JAGGED EDGE “READY”

I WANTED TO LET ALL THE JE FANS KNOW THE NEW ALBUM DATE IS  10/27 TELL A FRIEND TO TELL ANOTHER FRIEND AND BUMP THIS WHY YOU AT IT !! JE HEARTBREAK2,10/27

 

Stussy x Champion Japan Fall/Winter 2014 “Reverse Weave” Collection

MY LOVE SWEATS

The seasonal collaboration includes both a hoodie and sweatpants, each adorned with Stussy and Champion branding, as well as “International Stussy Tribe” embroidery. Retailing for approximately $131 USD and $122 USD respectively, the hoodie and sweatpants will be available at Stussy’s Japanese chapters beginning September 12.

Nintendo Announces Nostalgic 3DS XL

Dressing the unit in the graphics of the classic NES control pad, the Japanese gaming giant is sure to set a few memories racing back to fondly remembered childhoods in a move that will be appealing to more than a few wistful gamers harking back to simpler times. The retro 3DS XL is set to drop on October 10 while the current version is available here.

The Oral History of Bad Boy Records

 

GQ recently put together a lengthy oral history detailing the origins, growth and tragedies surrounding historic hip-hop label Bad Boy Records which most notably gave us The Notorious B.I.G. Detailing “an army of rappers, and an ocean of champagne [that] changed hip-hop forever,” the editorial is equal parts nostalgic as it is enlightening. While a choice excerpt appears below, head here to read the piece in full. 

The first album released by Bad Boy Entertainment—twenty years ago this month—was the Notorious B.I.G.’s Ready to Die, an instant classic and possibly the most influential rap record ever made. For Sean “Puff Daddy” Combs, the label’s founder, it was the first in a remarkable streak of commercial hits: twenty-one straight gold- or platinum-selling albums, including Puff’s own Grammy-winning debut, No Way Out, plus home-grown artists like Faith Evans, the Lox, Mase, Total, and 112. By the mid-1990s, Bad Boy was the biggest label in pop music. This is the story of how it all began.

Jadakiss (rapper, the Lox): Getting on Bad Boy was like being the top pick in the draft, going to play with the Bulls when Mike was there. It put the battery in our back.

Janelle Monáe (singer, Bad Boy artist): Bad Boy was proof that the American Dream was real for hardworking young black artists in the ’90s, just like it had been real for Berry Gordy and all my soul and funk heroes at Motown in the ’60s and ’70s. When I graduated high school, I headed straight to New York. That’s where Broadway was. That’s where Puff was.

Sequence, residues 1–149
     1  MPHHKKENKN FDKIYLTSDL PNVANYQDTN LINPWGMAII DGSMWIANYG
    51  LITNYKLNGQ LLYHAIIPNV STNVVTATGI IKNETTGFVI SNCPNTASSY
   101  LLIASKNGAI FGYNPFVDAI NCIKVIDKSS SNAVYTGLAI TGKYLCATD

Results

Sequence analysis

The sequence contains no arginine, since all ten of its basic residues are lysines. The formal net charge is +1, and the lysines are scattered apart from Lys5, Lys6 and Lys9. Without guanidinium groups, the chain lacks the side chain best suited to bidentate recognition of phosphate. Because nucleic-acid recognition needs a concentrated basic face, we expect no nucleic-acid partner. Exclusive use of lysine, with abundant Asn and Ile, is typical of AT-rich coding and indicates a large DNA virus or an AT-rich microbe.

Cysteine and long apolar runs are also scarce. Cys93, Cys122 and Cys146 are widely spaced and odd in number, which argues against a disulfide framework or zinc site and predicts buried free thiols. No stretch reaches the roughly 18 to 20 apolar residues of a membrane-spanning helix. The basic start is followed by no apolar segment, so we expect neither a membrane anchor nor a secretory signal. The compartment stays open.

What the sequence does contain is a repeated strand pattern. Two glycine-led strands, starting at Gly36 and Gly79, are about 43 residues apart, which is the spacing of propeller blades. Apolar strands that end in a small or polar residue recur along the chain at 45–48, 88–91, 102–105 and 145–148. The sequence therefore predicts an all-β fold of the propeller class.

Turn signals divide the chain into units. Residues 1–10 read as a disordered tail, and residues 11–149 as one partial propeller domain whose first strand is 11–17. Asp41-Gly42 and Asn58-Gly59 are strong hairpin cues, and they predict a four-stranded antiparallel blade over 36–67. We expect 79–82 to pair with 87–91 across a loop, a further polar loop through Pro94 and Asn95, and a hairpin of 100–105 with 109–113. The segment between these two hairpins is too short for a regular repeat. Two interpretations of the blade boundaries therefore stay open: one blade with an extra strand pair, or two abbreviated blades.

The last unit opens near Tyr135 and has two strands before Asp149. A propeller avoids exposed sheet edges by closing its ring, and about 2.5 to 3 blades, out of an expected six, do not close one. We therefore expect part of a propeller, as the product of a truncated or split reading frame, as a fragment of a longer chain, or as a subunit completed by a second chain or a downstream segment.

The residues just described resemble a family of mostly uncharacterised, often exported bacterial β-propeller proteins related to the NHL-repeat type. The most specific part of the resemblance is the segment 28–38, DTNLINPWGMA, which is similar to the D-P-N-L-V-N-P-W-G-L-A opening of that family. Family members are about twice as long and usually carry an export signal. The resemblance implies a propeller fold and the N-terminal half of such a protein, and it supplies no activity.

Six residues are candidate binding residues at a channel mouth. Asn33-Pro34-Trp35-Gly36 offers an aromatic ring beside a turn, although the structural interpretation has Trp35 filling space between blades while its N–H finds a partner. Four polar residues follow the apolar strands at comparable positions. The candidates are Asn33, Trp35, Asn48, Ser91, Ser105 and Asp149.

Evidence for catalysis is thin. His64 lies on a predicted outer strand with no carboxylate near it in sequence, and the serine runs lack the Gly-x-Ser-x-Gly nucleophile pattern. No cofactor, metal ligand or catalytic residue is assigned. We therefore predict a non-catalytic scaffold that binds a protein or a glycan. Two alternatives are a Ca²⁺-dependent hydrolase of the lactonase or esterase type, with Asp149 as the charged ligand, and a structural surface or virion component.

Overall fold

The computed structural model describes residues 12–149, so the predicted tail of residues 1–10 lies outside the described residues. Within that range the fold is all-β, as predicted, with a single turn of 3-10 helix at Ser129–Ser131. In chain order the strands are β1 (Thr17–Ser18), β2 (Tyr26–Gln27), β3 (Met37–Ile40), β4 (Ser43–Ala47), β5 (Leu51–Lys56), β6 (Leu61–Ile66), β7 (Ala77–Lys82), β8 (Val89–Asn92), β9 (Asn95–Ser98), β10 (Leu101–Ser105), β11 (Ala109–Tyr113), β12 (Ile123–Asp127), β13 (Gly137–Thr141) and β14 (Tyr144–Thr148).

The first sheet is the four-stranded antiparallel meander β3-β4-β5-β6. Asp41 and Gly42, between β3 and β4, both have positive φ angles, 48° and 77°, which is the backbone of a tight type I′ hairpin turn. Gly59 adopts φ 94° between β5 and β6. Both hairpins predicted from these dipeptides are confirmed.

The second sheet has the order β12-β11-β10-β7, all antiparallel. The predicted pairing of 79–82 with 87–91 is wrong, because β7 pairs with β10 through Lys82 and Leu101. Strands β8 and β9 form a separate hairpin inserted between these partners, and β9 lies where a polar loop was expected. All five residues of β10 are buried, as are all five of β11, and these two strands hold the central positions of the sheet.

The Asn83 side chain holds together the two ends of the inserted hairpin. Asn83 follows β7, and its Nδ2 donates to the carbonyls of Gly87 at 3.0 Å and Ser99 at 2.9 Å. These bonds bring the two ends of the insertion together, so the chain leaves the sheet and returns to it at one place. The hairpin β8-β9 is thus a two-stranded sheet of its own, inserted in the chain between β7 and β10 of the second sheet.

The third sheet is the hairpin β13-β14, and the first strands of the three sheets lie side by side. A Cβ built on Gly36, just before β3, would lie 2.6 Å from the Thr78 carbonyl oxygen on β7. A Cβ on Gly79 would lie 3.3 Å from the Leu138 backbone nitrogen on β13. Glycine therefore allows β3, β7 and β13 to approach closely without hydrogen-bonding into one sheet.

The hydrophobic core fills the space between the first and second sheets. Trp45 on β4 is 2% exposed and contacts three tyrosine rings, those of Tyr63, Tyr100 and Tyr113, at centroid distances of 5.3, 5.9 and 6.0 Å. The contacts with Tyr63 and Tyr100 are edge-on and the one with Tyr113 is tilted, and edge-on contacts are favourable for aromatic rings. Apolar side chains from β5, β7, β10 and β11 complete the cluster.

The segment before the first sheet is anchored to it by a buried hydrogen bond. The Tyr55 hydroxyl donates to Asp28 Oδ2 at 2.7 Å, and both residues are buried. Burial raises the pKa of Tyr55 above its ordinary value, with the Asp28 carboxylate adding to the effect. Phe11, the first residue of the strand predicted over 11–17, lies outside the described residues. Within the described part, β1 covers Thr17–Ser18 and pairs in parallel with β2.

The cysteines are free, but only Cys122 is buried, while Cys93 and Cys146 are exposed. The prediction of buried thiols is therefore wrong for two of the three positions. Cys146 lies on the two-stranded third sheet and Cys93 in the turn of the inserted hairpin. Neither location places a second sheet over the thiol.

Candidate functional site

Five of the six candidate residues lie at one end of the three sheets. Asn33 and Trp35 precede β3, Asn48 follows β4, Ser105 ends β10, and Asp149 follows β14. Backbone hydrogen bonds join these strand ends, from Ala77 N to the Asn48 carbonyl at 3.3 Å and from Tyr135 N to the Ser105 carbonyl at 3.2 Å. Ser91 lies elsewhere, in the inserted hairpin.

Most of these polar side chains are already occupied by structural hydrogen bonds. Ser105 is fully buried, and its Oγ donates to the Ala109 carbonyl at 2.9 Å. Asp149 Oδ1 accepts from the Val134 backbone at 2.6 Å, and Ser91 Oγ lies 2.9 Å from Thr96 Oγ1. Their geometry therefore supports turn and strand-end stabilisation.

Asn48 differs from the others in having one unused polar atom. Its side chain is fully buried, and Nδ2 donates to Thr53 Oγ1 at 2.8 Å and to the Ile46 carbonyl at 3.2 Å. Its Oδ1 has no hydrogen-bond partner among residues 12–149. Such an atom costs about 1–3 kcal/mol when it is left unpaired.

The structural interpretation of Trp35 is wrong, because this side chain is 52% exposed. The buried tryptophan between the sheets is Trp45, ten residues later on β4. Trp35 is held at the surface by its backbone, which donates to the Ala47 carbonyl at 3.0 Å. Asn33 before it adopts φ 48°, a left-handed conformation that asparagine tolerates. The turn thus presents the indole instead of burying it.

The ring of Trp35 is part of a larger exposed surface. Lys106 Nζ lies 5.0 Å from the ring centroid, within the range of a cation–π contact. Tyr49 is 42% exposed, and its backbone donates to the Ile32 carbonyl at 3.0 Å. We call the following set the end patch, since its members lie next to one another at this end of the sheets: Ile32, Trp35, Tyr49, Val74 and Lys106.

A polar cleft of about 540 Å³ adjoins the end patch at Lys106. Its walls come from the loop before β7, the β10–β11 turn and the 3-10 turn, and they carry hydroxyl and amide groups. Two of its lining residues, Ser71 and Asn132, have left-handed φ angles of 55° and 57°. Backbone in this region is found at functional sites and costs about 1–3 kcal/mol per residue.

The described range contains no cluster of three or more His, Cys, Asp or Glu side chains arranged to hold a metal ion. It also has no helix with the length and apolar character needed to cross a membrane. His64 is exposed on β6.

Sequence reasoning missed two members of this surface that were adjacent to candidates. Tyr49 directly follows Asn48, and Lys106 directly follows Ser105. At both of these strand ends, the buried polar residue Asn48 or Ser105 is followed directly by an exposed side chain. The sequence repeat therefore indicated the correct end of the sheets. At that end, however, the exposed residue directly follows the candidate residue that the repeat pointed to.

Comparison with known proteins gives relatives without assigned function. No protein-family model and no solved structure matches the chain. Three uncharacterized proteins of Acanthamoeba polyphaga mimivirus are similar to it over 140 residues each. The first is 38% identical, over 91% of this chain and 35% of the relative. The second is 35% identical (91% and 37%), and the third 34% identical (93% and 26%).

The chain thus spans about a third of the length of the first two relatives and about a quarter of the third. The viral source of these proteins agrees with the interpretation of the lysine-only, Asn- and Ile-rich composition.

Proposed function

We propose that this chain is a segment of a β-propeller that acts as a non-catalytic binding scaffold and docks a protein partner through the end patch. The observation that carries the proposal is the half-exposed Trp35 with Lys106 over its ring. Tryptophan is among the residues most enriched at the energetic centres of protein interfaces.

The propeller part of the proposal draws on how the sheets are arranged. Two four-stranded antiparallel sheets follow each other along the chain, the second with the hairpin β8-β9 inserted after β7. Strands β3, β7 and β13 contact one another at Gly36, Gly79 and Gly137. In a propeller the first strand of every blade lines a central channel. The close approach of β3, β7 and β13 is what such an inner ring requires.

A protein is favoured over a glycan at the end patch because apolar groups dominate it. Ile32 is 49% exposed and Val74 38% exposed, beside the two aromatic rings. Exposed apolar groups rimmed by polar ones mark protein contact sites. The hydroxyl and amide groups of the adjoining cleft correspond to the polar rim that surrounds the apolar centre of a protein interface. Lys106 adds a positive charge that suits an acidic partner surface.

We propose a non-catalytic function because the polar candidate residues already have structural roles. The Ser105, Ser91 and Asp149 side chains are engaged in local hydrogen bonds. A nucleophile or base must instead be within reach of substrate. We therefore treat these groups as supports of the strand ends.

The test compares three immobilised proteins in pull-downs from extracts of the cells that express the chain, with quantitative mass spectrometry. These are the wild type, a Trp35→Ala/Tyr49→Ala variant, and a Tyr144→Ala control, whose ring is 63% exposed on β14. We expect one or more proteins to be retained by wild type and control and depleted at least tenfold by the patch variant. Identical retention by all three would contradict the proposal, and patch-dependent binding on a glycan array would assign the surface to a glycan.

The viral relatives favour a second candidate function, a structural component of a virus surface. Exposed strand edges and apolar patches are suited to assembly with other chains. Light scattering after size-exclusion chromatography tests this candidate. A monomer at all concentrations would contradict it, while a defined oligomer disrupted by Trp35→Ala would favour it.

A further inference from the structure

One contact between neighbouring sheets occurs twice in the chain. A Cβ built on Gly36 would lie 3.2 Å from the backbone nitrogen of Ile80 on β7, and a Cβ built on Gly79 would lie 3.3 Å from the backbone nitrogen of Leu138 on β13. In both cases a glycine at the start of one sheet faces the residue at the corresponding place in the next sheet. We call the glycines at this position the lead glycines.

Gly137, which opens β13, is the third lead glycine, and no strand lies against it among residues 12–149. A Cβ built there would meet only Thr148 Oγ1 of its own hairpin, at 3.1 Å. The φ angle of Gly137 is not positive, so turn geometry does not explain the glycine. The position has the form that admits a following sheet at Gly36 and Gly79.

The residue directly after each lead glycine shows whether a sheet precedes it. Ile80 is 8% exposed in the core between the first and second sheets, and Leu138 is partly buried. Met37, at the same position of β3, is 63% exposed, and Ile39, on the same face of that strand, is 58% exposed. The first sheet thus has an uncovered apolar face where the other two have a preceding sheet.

Russell Simmons (co-founder of Def Jam): Everything Puffy touched was golden. He just made hit after hit after hit.

Sean “Puff Daddy” Combs: I remember waking up one day and I had six of the Top 10 records. As a producer, I had taken over the charts. Everybody wanted a piece of that Bad Boy sound.

Gabrielle Union (actress): Every jam was like, “Aaawww, shit.” Y’know, one hand covering your face, the other in the air.

Andre Harrell (founder of Uptown Records, Combs’s mentor): Puff was a great groovemaker, and whoever controls the groove controls the attitude.

Cheo Coker (journalist, Notorious screenwriter): Ready to Die is one of the first records to tell the perspective of the street-corner drug dealer that wasn’t all fantasy and gloss. It wasn’t kingpin, Scarface-type stuff. It was similar to what Richard Price did withClockers. But Biggie didn’t take 500 pages. He took an hour of your time, and you could dance to it.

Jessica Rosenblum (party promoter): We could be anywhere—in Palladium or a club in D.C.—Puffy always walked around with a bottle in his hand. Biggie had a bottle. They understood the fantasy. When Bad Boy first started doing videos with mansions and all that, nobody was actually living that way yet. It was a projection of what was to come. Bad Boy sold a dream.

 

Apple Introduces Health and Fitness Apps

Lil Jon ft. Tyga “Bend Ova”

Wiggle that azz, make it shake like Jell-O! This. Is. Insane. YEAH!

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